Henery Brady, Sidney Verba, and Kay Lehman Scholzman
“Beyond Ses: A Resource Model of Political Participation” APSR, June 1995.
Brady, Verba, and Scholzman attempt to develop a better model for understanding political participation to show how the importance of a resource depends on the particular activity. They use three main resources: time, money, civic skills, and go beyond the traditional SES model and break it down to sub components: education, income, and occupation. The goal is to determine why some individuals are more active than others but also why certain types of people partake in certain types of political activities.
Their data comes from a large, two-stage survey of voluntary activities of the public. The first stage was a phone interview, the second stage was an in-person interview with a subset of the original participants in the phone interview.
Time was measured by the ‘free’ time available for political activity after accounting for the hours spent at work, house cleaning, sleeping, etc. Money was measured by the family income from all sources in units of 10,000. Civic skills, because they can be acquired in non-political settings, such as church, was broken down into various measures: educational attainment questions, educational experience question (did you participate in a high school student government), testing of language ability (English, English and another language, or another language), questions about involvement in church or organization where s/he had engaged in letter writing, gone to a meeting, chaired a meeting, given a speech.
They break down their findings into three kinds of activities: voting, acts requiring investment of money, and acts requiring investment of time. With respect to voting, political interest has the most substantial impact on voting with free time and citizenship being significant as well (283). Civic skills have less of an impact and income has no impact on voting (283). Brady et. al. conclude that education, typically deemed the most important factor of voting, is “funneled entirely through political interest” (283).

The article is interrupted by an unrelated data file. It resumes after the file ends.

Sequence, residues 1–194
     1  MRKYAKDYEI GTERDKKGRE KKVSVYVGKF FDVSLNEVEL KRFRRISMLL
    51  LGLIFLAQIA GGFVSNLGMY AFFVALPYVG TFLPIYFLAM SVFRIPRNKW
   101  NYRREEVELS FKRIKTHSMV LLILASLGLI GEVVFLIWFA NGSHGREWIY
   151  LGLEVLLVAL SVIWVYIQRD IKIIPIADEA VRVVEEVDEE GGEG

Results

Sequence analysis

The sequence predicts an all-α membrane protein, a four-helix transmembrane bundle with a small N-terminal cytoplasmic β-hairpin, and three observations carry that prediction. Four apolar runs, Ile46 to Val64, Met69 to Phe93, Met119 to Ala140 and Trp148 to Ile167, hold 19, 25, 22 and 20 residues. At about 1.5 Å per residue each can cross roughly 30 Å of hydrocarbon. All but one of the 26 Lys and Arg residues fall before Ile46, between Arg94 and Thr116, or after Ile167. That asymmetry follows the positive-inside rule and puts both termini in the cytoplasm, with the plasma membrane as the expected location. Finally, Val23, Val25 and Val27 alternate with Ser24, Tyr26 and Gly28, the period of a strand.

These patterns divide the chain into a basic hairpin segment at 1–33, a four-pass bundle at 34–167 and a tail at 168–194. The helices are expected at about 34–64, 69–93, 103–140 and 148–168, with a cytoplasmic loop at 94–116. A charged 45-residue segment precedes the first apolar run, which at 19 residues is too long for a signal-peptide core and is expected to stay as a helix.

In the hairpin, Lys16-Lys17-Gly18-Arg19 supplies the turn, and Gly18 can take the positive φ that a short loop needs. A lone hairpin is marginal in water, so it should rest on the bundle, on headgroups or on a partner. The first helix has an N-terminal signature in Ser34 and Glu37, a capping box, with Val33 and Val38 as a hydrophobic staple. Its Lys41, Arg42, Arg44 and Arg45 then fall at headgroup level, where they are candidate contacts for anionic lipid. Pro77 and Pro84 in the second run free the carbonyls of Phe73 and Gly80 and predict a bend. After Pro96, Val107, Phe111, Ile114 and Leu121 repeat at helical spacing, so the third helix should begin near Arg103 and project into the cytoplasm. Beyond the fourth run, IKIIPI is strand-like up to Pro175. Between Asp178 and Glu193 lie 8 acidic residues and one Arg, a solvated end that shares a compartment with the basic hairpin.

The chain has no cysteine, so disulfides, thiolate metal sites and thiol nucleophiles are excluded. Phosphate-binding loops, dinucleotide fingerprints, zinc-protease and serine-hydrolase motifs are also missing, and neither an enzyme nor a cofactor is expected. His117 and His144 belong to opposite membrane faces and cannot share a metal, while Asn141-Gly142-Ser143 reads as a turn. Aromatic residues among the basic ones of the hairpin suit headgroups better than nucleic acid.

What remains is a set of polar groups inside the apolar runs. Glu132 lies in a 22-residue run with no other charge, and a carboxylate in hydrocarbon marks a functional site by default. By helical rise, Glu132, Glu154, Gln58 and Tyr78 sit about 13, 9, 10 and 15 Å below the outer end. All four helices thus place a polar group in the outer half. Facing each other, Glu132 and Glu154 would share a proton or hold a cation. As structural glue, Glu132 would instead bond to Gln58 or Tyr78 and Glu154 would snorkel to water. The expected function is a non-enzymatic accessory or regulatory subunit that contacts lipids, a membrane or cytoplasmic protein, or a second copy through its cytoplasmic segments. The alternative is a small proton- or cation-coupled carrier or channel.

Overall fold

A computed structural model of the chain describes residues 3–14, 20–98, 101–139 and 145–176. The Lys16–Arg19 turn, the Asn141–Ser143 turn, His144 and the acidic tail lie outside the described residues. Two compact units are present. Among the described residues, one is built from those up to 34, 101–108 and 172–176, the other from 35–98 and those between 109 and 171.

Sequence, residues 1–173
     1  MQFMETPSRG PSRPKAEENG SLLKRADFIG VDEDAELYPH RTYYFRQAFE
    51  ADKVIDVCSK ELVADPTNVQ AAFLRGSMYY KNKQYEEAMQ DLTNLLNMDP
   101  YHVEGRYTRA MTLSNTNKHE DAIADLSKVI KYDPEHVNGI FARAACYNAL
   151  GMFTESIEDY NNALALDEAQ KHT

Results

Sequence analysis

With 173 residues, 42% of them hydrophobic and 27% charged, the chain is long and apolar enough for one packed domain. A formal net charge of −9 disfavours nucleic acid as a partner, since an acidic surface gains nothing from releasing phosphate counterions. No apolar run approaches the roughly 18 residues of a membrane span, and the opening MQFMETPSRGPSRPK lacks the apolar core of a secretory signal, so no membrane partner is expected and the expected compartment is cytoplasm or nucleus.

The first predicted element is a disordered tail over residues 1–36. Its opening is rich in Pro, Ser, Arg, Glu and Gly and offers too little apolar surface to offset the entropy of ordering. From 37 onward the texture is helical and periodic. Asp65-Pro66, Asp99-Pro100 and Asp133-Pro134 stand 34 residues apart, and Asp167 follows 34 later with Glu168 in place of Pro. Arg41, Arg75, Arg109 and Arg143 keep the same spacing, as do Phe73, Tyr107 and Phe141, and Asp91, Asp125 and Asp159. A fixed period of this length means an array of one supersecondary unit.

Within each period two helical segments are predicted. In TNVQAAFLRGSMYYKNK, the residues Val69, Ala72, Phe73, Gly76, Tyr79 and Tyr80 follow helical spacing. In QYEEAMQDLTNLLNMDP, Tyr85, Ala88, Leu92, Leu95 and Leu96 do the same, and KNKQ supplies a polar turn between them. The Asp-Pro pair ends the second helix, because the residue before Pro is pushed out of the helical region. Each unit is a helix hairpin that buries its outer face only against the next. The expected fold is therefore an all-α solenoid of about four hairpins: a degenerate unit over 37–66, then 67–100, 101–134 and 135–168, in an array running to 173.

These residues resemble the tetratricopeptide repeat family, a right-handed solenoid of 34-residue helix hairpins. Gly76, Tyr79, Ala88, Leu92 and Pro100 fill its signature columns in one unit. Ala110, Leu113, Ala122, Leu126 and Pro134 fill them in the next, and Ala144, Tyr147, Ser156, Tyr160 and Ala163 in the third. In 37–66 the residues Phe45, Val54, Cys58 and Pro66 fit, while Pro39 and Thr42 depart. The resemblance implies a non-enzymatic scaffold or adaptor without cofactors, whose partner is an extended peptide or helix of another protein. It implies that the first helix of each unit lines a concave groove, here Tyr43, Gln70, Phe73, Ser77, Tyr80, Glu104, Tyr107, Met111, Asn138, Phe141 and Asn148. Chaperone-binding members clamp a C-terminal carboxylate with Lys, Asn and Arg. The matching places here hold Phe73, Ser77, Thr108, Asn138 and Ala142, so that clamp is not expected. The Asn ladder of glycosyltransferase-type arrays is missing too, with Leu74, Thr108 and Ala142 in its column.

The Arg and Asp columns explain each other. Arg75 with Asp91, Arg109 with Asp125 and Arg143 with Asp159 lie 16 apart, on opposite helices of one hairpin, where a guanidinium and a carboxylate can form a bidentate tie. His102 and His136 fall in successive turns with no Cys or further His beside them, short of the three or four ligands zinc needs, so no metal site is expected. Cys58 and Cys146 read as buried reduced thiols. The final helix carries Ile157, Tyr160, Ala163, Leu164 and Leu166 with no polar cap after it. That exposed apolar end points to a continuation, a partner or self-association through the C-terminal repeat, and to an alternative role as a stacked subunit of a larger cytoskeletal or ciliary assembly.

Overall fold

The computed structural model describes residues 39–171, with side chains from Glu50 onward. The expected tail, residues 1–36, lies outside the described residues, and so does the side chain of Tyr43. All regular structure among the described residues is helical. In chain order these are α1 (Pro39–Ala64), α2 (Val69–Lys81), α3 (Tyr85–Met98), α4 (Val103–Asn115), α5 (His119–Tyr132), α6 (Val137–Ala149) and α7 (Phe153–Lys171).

Acts requiring the investment of money show that the major determinate is having money in order to give money as well as years of education mattering (283), which makes sense seeing how generally speaking as the level of education increases, so too does income. Free time nor civic skill seem to matter with respect to giving money (283).
Acts requiring an investment of time show that political interest, civic skills, and free time significantly matter, but family income does not. Other factors that seem to matter are adult civic skills used in non-political institutions and participation in high school government while education has a weak impact. “Roughly speaking, each additional hour of free time per day lead to about one-third more hour of political activity per week” (284).
Brady et al conclude that education affects political participation in two ways: “education instills political interest and participatory motivations; for others, especially those that require time, education leads to skills that facilitate activity” (284-285).
Application to field:
Their model goes beyond the commonly used SES model in two ways. The model creates the mechanism that links SES to participation and it creates an understanding of the activity disparities among groups (285). Brady et. al. attempt to go beyond the SES model to better explain why certain people engage in particular activities with respect to politics. However, their conclusions with respect to voting seemed to challenge the common notion that education is the number one factor in determining the vote. While they do suggest that political interest is gained via education, it appears that they are offering a different answer to the question: What determines the vote? Aside from this, they seem to shed light on other areas of political participation in that they offer suggestions as to what factors influence political participation. This research should be helpful in determining what legislation is salient to unique and different voters, thereby illuminating normative party commitments.